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Immune Memory Response May Increase Disease Risk

NIAID/NIH, PUBLIC DOMAIN, VIA WIKIMEDIA COMMONS
Photo courtesy: MEMORY:NIAID/NIH, PUBLIC DOMAIN, VIA WIKIMEDIA COMMONS

In research with implications for treating a range of inflammatory conditions, an international team led by University of Pennsylvania (UPenn) School of Dental Medicine investigators has demonstrated how innate immune memory response can increase susceptibility to disorders ranging from periodontitis to cardiovascular disease.

Published in Cell, the study, “Maladaptive Innate Immune Training of Myelopoiesis Links Inflammatory Comorbidities,” lays out the mechanism by which one inflammatory condition can increase risk for additional inflammatory disorders through alterations in immune cells. Corresponding author George Hajishengallis, DDS, PhD, a professor in the Department of Basic and Translational Sciences at UPenn, says the researchers have identified a “unifying principle underlying the association between a variety of comorbidities.”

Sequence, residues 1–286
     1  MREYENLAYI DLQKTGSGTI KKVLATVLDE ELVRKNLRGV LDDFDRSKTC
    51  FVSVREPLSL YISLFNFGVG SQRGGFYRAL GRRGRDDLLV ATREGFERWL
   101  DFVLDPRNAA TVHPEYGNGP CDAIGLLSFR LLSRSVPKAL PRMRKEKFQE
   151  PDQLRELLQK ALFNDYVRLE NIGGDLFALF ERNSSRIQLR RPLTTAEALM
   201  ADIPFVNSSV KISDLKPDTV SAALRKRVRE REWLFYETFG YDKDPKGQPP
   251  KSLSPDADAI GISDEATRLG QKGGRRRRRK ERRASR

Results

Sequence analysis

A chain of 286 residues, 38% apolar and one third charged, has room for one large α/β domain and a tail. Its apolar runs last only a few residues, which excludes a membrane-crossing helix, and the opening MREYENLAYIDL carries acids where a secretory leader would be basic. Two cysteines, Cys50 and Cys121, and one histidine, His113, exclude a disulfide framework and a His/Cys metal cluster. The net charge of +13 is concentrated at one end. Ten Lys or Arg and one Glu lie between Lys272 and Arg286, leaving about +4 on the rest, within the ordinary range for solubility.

In previous work, Hajishengallis and colleagues demonstrated that, like the adaptive immune system’s T cells and B cells, the innate immune system’s myeloid cells “remember” past encounters. The work also pinpointed how this memory was encoded, tracing it to bone marrow. The team showed that after inducing periodontitis in mice, the animals’ myeloid cells and their progenitor cells expanded in the bone marrow. In addition, the progenitor cells appeared to have memorized the inflammation they were exposed to—perpetuating a misguided immune response from the periodontitis-trained stem cells.

Additional experiments revealed the signaling pathway governed by a receptor for the interleukin-1 (IL-1) molecule played a vital role in contributing to this inflammatory memory. Mice that lacked IL-1 receptor signaling could not generate the immune memory that made the other mice more susceptible to comorbidities, the researchers found. This suggests that blocking IL-1 receptor signaling could be an effective approach to mitigate the negative effects of trained immune response. Further investigations are under way.

From Dimensions of Dental Hygiene. July 2022; 20(7)10.

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